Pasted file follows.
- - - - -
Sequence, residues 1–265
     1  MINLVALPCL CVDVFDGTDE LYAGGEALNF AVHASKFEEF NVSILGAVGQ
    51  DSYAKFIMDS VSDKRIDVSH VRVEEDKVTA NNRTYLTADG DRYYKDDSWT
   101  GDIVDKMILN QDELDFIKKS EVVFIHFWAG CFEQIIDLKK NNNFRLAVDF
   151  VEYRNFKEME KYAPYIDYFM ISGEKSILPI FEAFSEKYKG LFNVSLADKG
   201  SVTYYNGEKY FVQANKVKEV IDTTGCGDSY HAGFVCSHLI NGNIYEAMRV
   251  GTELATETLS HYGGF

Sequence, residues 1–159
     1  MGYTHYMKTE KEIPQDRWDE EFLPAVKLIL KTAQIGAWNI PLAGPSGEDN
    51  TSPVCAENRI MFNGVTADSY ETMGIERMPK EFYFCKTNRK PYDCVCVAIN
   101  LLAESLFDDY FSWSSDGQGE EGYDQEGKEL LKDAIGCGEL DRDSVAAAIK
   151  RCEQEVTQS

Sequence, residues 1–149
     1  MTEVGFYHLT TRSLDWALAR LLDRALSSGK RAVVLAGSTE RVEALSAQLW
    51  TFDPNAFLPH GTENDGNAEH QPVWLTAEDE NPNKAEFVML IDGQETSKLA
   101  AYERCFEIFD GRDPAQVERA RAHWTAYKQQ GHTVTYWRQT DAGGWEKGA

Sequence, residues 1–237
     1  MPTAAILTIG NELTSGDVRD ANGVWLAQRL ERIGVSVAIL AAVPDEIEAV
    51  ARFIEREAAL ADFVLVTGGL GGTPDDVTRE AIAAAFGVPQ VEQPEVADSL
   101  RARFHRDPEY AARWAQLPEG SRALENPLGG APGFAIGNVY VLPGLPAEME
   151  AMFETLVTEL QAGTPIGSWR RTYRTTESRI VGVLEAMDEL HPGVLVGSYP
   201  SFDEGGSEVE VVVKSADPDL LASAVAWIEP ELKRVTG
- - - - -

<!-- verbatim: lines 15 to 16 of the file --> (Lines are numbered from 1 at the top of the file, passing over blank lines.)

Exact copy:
    51  TFDPNAFLPH GTENDGNAEH QPVWLTAEDE NPNKAEFVML IDGQETSKLA
   101  AYERCFEIFD GRDPAQVERA RAHWTAYKQQ GHTVTYWRQT DAGGWEKGA